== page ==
Cars parked haphazardly in the front yard a common sight in areas with student rental housing will soon become illegal across a large swath of Southwest Raleigh.
Originally designed to cover the entire city, the limits approved last week by the City Council will instead apply only to designated districts, starting with an area encompassing 12,000 residents around N.C. State University, where the issue has been most prevalent.
The new rules, which take effect Nov. 1, spell out what property owners must do to create acceptable parking areas.
During deliberations off-and-on over the past eight years, landlords and property rights activists derided a ban as government overreach, though no opponents showed up to speak at a vote last week.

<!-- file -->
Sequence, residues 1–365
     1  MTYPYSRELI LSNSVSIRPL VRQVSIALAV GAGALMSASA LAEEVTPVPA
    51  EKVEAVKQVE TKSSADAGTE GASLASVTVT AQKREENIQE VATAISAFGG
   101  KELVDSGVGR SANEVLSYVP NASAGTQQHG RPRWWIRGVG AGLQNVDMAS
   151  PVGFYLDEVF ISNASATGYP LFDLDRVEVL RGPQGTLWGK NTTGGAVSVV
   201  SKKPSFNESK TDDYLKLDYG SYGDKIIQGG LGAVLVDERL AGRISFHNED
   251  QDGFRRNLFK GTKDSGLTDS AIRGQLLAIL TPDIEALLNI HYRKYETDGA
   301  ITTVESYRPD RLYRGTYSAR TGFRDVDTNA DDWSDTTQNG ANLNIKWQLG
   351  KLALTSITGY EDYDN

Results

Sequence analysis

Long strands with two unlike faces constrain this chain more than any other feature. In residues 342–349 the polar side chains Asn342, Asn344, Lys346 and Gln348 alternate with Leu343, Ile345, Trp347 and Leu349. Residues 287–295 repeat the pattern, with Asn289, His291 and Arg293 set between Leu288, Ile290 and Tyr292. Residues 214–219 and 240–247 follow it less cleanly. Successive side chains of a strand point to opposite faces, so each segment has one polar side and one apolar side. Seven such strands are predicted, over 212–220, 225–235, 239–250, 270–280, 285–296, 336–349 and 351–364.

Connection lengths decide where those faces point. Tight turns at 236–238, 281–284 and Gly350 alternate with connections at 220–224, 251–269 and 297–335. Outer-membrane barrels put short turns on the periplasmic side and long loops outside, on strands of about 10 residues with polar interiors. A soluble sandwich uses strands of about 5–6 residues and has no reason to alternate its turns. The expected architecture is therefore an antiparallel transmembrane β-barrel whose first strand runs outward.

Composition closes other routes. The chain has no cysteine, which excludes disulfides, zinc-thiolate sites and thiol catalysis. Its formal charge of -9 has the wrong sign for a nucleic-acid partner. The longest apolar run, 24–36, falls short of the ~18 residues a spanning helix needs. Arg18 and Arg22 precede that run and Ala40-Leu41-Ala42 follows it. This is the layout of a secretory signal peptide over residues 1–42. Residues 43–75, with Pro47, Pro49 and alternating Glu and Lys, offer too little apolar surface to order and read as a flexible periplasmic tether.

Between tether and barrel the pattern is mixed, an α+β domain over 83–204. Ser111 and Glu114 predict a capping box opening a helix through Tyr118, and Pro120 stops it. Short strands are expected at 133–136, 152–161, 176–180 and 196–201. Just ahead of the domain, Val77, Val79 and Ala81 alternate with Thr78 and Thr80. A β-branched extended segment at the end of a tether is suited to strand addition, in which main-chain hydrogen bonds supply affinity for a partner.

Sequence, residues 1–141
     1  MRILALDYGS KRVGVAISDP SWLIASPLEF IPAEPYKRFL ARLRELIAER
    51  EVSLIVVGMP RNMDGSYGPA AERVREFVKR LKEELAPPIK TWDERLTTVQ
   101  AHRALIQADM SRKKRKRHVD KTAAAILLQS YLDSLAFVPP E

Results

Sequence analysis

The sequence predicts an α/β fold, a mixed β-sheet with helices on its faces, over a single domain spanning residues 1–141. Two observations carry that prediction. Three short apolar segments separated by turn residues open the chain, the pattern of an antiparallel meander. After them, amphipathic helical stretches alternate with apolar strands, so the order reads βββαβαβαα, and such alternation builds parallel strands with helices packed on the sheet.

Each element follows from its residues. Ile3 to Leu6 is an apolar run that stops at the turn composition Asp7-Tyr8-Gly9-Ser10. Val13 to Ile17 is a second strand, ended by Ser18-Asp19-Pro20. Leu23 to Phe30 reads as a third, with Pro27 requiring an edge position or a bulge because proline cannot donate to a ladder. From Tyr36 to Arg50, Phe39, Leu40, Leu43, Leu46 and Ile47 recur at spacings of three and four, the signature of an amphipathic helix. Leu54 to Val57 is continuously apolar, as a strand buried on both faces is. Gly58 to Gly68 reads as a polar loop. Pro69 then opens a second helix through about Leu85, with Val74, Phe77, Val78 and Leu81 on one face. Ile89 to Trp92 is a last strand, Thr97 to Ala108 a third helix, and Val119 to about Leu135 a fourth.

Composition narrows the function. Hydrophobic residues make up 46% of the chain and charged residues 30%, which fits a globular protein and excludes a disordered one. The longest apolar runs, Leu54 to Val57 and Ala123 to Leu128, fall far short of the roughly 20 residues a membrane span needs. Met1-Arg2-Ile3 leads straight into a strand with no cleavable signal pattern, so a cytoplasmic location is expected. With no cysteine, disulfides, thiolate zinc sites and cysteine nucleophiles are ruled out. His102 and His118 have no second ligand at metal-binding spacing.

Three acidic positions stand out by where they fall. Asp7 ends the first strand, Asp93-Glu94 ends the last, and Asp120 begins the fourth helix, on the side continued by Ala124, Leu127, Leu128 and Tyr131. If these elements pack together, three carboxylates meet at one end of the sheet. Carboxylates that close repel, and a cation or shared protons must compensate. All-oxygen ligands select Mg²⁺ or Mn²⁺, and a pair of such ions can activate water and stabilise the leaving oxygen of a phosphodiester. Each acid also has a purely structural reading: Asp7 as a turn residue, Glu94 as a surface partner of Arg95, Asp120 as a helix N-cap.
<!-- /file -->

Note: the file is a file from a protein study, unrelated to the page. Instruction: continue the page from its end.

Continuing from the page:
The targeted area is bounded by Hillsborough Street and Wade Avenue, Lake Wheeler Road, Tryon Road and Jones Franklin Road, all of which are within the district of Councilman Thomas Crowder, the chief proponent for the policy.
The policy protects and preserves neighborhood character, said Linda Harris Edmisten, who urged City Council members to apply the rules citywide.
Hopefully other neighborhoods will see this, said Councilman Russ Stephenson.
In my area, that will be the next step that we need to take, said Councilman Eugene Weeks, the District C representative for Southeast Raleigh.
The policy delves into minutiae such as gravel borders and the location of shrubs.
Front yard driveways and parking areas in single-family homes will have to be made of surfaces that wont erode, such as concrete or asphalt. Gravel or crushed stone are OK, as long as the borders are clearly defined.
Residents who cant afford or dont want to restructure their driveways must park single-file, perpendicular to the curb, or park on the street.
Violators can face zoning violations that bring $100 fines for the first offense and $500 for each subsequent offense.